Compared with those allocated the atenolol-based regimen, BP values were lower throughout the trial
in those allocated the amlodipine-based regimen. These differences were largest (5.9/2.4 mm Hg) at
3 months, and the average difference throughout the trial was 2.7/1.9 mmHg.

The incidence of developing diabetes was less on the amlodipine-based regimen, HR 0.70 (CI 0.63 to
0.78), p<0.0001).
25% of patients stopped therapy because of an adverse event, with no significant difference between
the treatment groups.

    The authors concluded that the amlodipine-based regimen prevented more major
      cardiovascular events than the atenolol-based regimen. They argue that this might not be
      entirely explained by better control of blood pressure and attempt to prove this in an
      accompanying post-hoc analysis 2.
    An accompanying editorial concludes that the 2.7mm Hg systolic gradient is sufficient to
      explain the cardiovascular benefit of amlodipine with or without perindopril 3. They criticise the
      post-hoc analysis.
    They also note (as do the trial authors in discussion) that the absolute differences are small,
      and they calculate that the number needed to treat for one year with the amlodipine regimen
      compared with the atenolol regimen would be 650 to prevent one death and 220 to prevent
      one CV event3.
    The ALLHAT study demonstrated that a thiazide was unsurpassed as a first-line drug for
      hypertension4. ASCOT does not change this.
    Given the poor performance of doxazosin in ALLHAT, it would have been very helpful to know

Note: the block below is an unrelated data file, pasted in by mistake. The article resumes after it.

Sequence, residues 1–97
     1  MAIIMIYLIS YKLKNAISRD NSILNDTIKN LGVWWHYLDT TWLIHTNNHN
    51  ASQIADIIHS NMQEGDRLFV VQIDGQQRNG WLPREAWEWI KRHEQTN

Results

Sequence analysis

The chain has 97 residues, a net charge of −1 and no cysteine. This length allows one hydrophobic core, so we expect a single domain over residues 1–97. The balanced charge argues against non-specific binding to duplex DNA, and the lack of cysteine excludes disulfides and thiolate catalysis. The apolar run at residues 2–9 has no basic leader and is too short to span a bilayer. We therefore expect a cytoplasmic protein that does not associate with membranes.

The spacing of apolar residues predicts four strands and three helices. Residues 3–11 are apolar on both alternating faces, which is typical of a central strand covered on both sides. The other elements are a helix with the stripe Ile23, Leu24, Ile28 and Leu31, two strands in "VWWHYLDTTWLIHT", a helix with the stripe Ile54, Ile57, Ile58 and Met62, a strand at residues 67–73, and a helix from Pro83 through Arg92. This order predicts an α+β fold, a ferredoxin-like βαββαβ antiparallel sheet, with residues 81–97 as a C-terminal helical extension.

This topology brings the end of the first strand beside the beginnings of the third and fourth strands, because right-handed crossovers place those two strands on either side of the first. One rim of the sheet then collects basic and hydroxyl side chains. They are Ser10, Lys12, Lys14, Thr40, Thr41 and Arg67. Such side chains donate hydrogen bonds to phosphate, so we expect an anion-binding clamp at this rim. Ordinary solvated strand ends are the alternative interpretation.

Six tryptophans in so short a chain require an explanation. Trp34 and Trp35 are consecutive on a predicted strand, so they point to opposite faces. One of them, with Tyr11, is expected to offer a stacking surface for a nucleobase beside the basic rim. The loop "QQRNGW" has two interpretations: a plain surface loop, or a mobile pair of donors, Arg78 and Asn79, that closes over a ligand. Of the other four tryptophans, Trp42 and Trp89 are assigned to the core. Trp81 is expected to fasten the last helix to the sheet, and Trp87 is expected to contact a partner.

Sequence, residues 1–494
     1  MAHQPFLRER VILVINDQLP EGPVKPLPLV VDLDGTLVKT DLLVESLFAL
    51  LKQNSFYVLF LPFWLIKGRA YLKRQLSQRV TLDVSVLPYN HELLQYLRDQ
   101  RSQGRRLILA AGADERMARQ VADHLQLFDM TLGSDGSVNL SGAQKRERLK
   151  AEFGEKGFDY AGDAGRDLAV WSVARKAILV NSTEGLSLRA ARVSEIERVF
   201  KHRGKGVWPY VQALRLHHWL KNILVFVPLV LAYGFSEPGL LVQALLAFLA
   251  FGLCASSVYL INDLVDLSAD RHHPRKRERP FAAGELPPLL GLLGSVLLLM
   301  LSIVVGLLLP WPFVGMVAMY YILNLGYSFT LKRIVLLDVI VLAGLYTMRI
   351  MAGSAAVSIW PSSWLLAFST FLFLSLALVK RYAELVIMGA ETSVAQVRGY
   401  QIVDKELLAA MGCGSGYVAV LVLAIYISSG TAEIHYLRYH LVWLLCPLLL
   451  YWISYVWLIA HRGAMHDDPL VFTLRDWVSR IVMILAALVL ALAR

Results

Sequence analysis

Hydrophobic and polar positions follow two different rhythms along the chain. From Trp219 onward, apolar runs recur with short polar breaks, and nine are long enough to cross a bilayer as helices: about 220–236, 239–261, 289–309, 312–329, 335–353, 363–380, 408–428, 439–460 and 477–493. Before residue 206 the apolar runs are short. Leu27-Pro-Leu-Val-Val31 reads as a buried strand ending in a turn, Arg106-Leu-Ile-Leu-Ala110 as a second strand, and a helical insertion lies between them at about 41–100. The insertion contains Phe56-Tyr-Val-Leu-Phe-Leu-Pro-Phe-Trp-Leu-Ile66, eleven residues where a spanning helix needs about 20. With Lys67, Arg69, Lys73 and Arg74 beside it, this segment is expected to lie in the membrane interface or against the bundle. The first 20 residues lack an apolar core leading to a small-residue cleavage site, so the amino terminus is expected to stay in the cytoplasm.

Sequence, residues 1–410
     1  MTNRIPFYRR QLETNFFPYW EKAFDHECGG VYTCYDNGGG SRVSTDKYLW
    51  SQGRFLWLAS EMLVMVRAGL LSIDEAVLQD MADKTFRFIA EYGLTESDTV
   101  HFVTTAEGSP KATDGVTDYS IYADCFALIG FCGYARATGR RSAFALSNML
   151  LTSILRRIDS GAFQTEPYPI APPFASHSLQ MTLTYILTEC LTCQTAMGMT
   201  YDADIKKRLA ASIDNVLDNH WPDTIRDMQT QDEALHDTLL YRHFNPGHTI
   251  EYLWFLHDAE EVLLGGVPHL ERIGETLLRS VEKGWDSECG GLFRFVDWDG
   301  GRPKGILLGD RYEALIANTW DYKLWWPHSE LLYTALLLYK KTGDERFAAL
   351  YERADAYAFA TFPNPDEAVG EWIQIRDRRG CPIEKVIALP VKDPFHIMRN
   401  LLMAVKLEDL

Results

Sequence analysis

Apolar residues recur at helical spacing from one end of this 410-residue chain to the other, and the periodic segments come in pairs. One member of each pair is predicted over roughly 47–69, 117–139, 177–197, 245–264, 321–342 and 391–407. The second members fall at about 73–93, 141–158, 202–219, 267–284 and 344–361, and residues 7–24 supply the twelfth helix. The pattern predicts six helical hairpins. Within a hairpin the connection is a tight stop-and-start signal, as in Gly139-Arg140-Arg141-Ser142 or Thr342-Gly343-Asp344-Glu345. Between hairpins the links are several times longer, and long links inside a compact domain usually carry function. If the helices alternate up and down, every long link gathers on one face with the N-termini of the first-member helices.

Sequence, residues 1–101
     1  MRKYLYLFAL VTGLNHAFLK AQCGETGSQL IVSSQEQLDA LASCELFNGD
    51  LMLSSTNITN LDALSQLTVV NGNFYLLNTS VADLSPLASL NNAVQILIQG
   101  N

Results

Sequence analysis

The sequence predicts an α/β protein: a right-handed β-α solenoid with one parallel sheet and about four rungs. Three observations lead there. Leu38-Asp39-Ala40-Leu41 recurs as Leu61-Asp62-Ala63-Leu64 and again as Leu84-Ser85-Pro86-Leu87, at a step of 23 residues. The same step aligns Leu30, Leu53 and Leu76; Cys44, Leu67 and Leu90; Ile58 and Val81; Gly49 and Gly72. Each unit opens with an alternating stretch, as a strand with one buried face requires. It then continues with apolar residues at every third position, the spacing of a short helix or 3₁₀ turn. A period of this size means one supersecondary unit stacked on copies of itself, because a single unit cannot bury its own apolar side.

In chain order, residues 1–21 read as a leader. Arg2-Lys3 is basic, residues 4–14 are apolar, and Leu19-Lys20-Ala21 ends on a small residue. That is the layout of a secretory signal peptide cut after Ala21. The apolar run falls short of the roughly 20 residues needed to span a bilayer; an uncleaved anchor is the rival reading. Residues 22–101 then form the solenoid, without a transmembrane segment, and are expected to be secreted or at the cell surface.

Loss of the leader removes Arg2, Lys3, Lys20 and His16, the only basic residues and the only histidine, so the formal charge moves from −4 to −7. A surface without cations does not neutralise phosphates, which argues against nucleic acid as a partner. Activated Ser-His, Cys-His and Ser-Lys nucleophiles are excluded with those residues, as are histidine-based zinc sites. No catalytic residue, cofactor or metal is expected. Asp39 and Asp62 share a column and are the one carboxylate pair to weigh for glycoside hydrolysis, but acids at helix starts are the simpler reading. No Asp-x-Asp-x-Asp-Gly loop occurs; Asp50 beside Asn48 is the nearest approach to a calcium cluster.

if there was differential use in the two arms.
    The bottom line is that the key issue is to lower BP to an appropriate goal. We should
      normally do this by using a thiazide first-line as recommended by NICE. Add-on drugs would
      be selected on the basis of an individual’s profile including risk factors for developing diabetes.
    NICE have announced that they are working with the BHS to consider the implications of
      ASCOT and we should continue to promote the NICE algorithm until this work is completed.
    There is already lots of stuff in the media and aggressive pharmaceutical advertising on the
      back of ASCOT. The latter will continue! This quote from the editorial is very pertinent
      “unfortunately, the companion article in today’s Lancet, by Neil Poulter and colleagues,
      weakens the key message that in hypertensive patients it is the lowering of blood pressure
      that produces most of the benefit, and thereby opens the door for possible misinterpretation,
      or even misuse of post-hoc results by drug marketers”3.

            1.   Lancet 2005; 366: 895-906
            2.   Lancet 2005; 366: 907-13
            3.   Lancet 2005; 366: 869-71
            4.   JAMA 2002; 288: 2981-97

Peter Burrill
Assistant Director of Public Health (Prescribing & Clinical Effectiveness)
North Derbyshire Public Health Network